Have client perceptions of networks shifted in recent years?
Yes, client perceptions of legal networks have shifted in recent years. In the past, legal networks were often viewed as a loose collection of individual law firms, with little coordination or consistency in service delivery. And that view was largely correct! However, in recent years, legal networks like ours have become more sophisticated and client-focused, and this has led to a shift in how clients perceive and interact with us.

Clients now see legal networks as a valuable resource for accessing specialized legal expertise and global legal services. They appreciate the ability to work with a network of highly specialized law firms that can provide tailored legal solutions to their specific needs. Additionally, clients value the seamless coordination and collaboration between member firms, which helps to ensure consistency and quality of service delivery across borders.

Another factor that has contributed to the shift in client perceptions of legal networks is the increasing use of technology in the legal industry. Legal networks are leveraging technology to improve collaboration, communication, and service delivery, which has helped to enhance the overall client experience.

What are some of the key issues currently facing clients and how are networks positioned to deal with them?
Here are a few examples of what I am seeing going on around the world at the moment:

Globalization and de-globalization: As companies expand into new markets around the world or withdraw from them, they are confronted with a complex web of legal regulations and requirements. Legal networks can help clients navigate this complex global legal landscape by providing access to local legal expertise and resources in different markets.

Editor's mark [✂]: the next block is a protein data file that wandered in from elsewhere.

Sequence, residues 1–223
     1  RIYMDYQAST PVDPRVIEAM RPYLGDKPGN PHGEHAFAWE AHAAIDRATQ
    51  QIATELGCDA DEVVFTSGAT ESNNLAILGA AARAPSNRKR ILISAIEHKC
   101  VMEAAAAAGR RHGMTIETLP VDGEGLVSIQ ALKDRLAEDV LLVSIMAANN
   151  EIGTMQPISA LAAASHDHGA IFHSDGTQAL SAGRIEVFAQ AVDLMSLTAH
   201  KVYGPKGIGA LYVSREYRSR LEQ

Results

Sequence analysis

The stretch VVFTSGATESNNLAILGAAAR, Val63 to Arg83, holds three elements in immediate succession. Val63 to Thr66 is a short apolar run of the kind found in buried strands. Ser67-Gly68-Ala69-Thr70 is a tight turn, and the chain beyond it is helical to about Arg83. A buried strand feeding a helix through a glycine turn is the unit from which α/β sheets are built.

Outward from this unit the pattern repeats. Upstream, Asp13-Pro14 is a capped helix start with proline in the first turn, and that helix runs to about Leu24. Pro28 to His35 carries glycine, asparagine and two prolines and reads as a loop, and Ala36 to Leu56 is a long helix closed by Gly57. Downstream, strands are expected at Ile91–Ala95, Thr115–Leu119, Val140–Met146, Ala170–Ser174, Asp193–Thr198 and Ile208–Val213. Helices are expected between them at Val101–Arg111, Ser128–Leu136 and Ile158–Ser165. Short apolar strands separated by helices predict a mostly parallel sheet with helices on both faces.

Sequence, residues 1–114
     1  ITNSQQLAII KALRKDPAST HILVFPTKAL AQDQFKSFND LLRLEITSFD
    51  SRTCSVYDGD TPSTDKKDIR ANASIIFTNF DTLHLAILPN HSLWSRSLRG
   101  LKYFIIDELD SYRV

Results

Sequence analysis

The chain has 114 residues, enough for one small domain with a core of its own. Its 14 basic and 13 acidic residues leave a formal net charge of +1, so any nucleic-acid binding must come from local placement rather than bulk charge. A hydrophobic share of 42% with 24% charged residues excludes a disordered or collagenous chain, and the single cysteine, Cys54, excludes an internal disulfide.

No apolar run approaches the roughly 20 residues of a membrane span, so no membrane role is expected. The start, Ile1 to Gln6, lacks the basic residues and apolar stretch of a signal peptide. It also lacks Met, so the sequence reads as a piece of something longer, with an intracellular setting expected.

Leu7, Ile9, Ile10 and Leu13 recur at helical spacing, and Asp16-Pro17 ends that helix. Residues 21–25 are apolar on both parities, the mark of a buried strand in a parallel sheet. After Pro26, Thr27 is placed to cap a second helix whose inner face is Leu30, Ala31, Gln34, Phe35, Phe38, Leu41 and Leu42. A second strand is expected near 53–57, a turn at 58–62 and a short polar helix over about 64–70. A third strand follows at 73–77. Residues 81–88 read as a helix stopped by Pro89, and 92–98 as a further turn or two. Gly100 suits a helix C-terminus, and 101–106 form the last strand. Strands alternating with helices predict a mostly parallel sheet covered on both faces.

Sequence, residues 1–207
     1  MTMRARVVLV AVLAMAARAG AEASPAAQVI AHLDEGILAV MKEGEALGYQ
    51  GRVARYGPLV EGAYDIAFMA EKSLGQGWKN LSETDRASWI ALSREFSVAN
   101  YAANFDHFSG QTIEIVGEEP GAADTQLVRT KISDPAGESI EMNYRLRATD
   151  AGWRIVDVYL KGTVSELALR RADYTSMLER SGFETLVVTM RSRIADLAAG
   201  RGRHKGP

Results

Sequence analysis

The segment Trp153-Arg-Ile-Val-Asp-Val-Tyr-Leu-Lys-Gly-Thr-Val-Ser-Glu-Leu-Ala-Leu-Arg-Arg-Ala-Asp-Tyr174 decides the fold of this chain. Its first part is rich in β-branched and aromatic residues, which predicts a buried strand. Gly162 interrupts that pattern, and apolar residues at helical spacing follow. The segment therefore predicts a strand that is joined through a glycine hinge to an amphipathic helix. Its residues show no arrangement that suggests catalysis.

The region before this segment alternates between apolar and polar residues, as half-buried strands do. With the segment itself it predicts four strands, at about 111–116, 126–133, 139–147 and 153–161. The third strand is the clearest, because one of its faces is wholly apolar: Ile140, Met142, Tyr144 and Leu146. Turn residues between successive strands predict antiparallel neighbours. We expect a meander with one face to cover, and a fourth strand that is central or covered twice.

Data privacy and cybersecurity: Data privacy and cybersecurity are becoming increasingly important issues for clients in every industry. Legal networks can help clients stay ahead of changing regulations and requirements and ensure that their data is secure and compliant with applicable laws.

Cost management: Many clients are looking for ways to reduce legal costs without sacrificing quality of service. Legal networks can help by providing more efficient and cost-effective legal solutions through the use of technology and innovative service models.

Diversity and inclusion: Clients are increasingly seeking to work with law firms that are diverse and representative of different communities. Legal networks can help by promoting diversity and inclusion within member firms, and by providing clients with access to a diverse pool of legal talent.

Compliance and risk management: As regulations become more complex and enforcement becomes more aggressive, clients are facing heightened compliance and risk management challenges. Legal networks can help clients manage these challenges by providing specialized legal expertise and resources in areas such as compliance, investigations, and risk management.

Overall, legal networks like Multilaw are well-positioned to help the clients of their member firms navigate the complex legal landscape and manage a wide range of legal issues. By leveraging technology, expertise, and collaboration, we can provide clients with more efficient, cost-effective, and customized legal solutions to meet their unique needs.

What do networks offer that global firms do not?
Global Coverage. Multiilaw is able to offer a leading, fully staffed firm (as opposed to a rep office) in over 90 jurisdictions, no global law firm even comes close to offering that.

What types of work are increasingly being won by networks over firms without such connections?

The types of work that require work in 30, 40 or 50 jurisdictions is the work networks scoop up. We have no real competition in that space, particularly when it comes to mid-market level work.

How are networks changing the way that they promote themselves?